Gay referee Marcus Griffiths on how rugby community supported him through homophobic abuse
Gay referee Marcus Griffiths has been candid about the homophobic abuse he receives online after matches but has found refuge and unconditional support in the rugby league community.
Last year, Griffiths, who publicly came out as gay in 2021, was ruthlessly targetted with horrific homophobic messages and death threats – directed at both him and his mother.
The 28-year-old shared some examples of the disgusting messages he was being sent with his followers, writing: “When people ask, ‘Why do we still need Pride?’, this is the reason!”
The messages were sent to Griffiths shortly after he refereed a match between Huddersfield Giants and Leeds Rhinos, and some of his decisions likely rubbed some fans the wrong way.
After taking a few days away from social media Griffiths was bowled over by the outpouring of love and support he had received from the rugby league community.
In a new interview with ITV, Grifiths has said that it’s moments like that that remind him why he’ll never consider leaving his job.
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“That first week was one of the weirdest games I’ll ever officiate because running around the pitch and getting applauded during your warm-up doesn’t happen,” he told the news outlet about his return to the league after being subjected to homophobic abuse.
“It doesn’t happen at all. To get abuse and then applauded it was different within the space of a week.”
While Griffiths understands that criticism comes with the job, the homophobic slurs and death threats from disgruntled fans significantly crossed the line.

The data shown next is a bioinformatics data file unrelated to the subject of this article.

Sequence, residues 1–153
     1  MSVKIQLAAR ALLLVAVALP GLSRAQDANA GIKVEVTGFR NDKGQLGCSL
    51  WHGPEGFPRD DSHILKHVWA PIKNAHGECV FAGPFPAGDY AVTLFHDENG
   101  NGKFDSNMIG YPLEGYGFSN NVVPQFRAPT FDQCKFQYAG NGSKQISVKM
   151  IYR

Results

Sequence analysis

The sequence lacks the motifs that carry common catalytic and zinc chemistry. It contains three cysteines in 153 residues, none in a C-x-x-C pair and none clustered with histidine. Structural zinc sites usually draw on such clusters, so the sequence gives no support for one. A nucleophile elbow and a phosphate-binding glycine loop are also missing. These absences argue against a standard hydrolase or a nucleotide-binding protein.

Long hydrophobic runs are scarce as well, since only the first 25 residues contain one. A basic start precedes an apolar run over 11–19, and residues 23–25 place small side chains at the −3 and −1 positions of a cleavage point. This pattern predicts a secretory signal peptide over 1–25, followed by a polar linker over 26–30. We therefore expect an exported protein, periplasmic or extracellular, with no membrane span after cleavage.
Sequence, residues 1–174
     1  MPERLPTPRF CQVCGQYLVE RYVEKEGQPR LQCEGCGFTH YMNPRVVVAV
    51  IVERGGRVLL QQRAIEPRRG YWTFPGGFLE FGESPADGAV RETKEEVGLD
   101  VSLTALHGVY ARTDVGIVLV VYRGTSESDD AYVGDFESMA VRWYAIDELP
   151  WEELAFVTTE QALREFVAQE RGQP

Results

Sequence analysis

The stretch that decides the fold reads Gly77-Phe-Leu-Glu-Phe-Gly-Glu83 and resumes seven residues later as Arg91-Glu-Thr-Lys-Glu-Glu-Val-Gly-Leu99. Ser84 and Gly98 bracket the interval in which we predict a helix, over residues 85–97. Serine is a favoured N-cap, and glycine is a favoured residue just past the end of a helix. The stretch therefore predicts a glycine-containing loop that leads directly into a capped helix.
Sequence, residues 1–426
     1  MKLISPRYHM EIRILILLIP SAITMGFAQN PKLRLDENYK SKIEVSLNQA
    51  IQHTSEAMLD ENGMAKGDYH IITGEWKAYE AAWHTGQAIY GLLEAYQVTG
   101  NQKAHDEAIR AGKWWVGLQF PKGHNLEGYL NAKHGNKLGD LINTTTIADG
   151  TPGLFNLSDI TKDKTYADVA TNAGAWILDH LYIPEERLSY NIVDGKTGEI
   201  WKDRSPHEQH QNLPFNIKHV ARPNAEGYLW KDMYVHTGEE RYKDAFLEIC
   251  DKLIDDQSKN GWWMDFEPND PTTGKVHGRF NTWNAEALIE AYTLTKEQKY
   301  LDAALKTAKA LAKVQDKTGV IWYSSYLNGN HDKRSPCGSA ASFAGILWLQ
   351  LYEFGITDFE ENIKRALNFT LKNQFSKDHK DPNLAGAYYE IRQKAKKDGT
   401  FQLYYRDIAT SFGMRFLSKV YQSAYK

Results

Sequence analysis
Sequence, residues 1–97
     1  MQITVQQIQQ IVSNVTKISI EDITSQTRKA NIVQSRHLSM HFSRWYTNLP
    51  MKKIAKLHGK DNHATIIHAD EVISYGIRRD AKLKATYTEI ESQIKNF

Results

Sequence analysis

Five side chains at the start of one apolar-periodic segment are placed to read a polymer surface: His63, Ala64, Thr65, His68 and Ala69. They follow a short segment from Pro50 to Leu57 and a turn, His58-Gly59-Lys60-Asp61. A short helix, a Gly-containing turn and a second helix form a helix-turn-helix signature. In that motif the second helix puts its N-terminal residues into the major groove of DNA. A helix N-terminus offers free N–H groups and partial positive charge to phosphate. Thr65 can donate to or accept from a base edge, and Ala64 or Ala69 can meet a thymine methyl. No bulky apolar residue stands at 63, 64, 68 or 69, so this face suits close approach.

“We all experience some sort of criticism and understandably we will get things wrong and we’re not against criticism,” he said.
“However there are levels that aren’t to be crossed and not only were they homophobic in nature, they threatened to run my mum off the road.”
Griffiths, from Widnes, added that the close bond he shares with his fellow rugby league referees is why he’ll never think about leaving the league.
As he gets ready for the Super League this February, Griffiths is hoping that his presence will inspire other people in the LGBTQ+ community.
“If you can see it you can be it – that was my belief from when I did it, unintentionally not understanding why I did it just out of frustration, anger,” he said.
“All the negativity, I created a positivity out of it because people can see you can be an openly gay male and be involved in professional sport.”
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